After any tactical operation is completed, its plan becomes evident. The work of the Raiders on September 11th, 2001, shows that the element of surprise allowed the first wave of attack against New York to go unchallenged. But then the advantage of surprise was lost, and at that point, given that this was a multi-pronged attack involving several airliners, every second of delay jeopardized the rest of the mission. Although time is important in any tactical plan, time — Time with a capital T — was mission-critical for the Raiders. On 911, the delay between the New York attacks and the strike on the Pentagon, followed by the crash of United 93 in Pennsylvania, meant that although they achieved spectacular tactical successes, in strategic terms the Raiders actually failed.
Almost all attention concerning 911 has been focused on the terrible deeds that the Raiders accomplished. However, it is at least as important to focus on what they did not accomplish — how the attack was intended to unfold, and what it was designed to achieve. Those are the terms in which the Raiders failed, and that failure may eventually prove to be their undoing.
The Raiders chose four perfect flights to hijack. All were scheduled to depart within minutes of each other from three separate airports. All were among the first flights of the morning, and therefore among the least likely to be delayed. Because of unpredictable taxi times at these busy airports, it would be hard to know which plane would hit its target first. But if things went just right, they might have all hit within minutes if not seconds of each other.
All four airplanes were fully fueled and loaded and pushed back from their gates on schedule. American 11 pushed back from the gate at Boston at 7:50. United 175 pushed back, also from Boston, at 7:59. United 93 pushed back from Newark at 8:01 and American 77 pushed back from Dulles at 8:10.
At this point, the odds were excellent that all four airplanes would be airborne by 8:15, all would reach their windows for takeover by 8:40 and all would soon be burning within their targets. By 9:11, interestingly enough, Americans would be witnessing something that would look very much like Armageddon.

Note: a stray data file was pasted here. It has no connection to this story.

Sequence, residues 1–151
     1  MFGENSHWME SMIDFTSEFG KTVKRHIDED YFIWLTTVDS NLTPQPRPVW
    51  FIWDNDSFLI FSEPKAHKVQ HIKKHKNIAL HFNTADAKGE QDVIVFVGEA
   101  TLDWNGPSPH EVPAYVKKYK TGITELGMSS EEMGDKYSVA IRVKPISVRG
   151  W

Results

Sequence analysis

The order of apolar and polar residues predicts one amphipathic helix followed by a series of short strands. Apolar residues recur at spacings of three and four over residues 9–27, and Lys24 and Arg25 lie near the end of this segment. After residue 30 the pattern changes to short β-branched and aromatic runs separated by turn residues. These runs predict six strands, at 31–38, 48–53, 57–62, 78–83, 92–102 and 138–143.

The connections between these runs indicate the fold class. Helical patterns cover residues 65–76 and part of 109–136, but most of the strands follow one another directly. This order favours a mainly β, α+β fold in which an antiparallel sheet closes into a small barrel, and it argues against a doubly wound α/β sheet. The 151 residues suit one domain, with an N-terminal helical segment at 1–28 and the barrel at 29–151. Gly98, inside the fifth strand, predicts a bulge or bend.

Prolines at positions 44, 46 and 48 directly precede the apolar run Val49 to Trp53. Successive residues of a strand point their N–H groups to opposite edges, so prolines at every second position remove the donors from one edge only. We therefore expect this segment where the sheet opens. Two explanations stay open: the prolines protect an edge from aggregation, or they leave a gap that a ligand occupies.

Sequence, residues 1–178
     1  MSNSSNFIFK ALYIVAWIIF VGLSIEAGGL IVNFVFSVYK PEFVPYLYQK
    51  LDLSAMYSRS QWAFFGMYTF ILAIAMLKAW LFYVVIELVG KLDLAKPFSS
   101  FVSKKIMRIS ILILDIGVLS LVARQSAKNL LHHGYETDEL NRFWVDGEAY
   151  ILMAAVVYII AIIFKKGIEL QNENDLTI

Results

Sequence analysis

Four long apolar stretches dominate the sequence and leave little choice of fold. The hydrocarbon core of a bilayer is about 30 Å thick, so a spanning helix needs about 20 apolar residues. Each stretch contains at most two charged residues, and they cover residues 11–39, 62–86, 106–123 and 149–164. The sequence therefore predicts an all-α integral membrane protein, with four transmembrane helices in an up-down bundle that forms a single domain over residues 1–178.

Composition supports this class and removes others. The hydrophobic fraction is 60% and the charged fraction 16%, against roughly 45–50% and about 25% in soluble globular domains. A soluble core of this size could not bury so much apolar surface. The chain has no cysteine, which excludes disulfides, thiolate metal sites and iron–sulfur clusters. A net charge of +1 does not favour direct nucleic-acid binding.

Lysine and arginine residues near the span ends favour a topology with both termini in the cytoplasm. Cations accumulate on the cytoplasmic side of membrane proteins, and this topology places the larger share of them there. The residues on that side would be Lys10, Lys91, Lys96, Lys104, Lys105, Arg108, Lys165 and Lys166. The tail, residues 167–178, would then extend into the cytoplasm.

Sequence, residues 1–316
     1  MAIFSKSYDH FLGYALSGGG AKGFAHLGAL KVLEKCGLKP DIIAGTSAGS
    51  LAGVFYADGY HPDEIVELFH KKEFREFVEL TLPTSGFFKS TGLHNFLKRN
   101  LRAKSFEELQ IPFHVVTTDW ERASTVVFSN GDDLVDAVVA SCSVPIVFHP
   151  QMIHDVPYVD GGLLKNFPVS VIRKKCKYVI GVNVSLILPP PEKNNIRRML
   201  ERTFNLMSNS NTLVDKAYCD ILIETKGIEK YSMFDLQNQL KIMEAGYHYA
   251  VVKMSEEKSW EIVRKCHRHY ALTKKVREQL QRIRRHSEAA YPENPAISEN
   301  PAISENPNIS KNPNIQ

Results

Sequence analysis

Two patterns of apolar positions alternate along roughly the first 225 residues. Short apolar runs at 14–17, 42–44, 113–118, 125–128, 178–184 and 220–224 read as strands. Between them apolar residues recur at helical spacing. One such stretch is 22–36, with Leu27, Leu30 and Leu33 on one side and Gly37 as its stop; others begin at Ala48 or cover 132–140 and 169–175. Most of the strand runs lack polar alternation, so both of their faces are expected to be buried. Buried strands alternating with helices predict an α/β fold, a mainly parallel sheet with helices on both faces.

What actually happened was horrific enough. But consider the impact of nearly simultaneous strikes on the World Trade Center and the Pentagon and the destruction of the Capitol dome. This was the plan: fire and brimstone killing thousands of Americans on live television, along with the decapitation of the best-known symbol of the republic. As profound as the psychological impact of 911 has been, the trauma of what was intended to happen would have ratcheted that impact up to a level that is difficult to conceive or calculate, except to say that it would be capable of producing almost unlimited political consequences, and for a very long time.
Had the plan gone as designed, the Raiders could expect a frantic but fruitless response from the U.S. defenses. By 9:11, Americans would be in a state of profound shock and even real terror. The President of the United States would give a somber speech from an elementary school where he had been showing compassion for America’s students, reading an innocent story to seven-year-olds. It would be obvious that there hadn’t been a damn thing he could do, after immediately launching waves of fighter jets from Cape Cod to Dover to Maryland to Hampton Roads, only to find that the sneak attack had long been completed and nothing but smoke filled the skies. He would soon identify the evildoers and bravely send the American military into a new era of retaliation.
But it didn’t happen that way. When the tactical plan is analyzed in aviation terms, it becomes clear that the hijackers did not just fail by not managing to crash United 93 into the Capitol dome, they failed to achieve one of the most important goals of the overall mission. They failed because it is the delays, the long duration of the four hijackings, that tends to expose the identity of the real Raiders — meaning not the nominal hijackers but the mission planners and architects. The actions, and the inaction, of a small number of key individuals within the Executive Branch before and after the attacks were remarkable. But it is their behavior during the rather extended period of the nightmare of 911 that will ultimately serve to bring the perpetrators to light, if not to justice.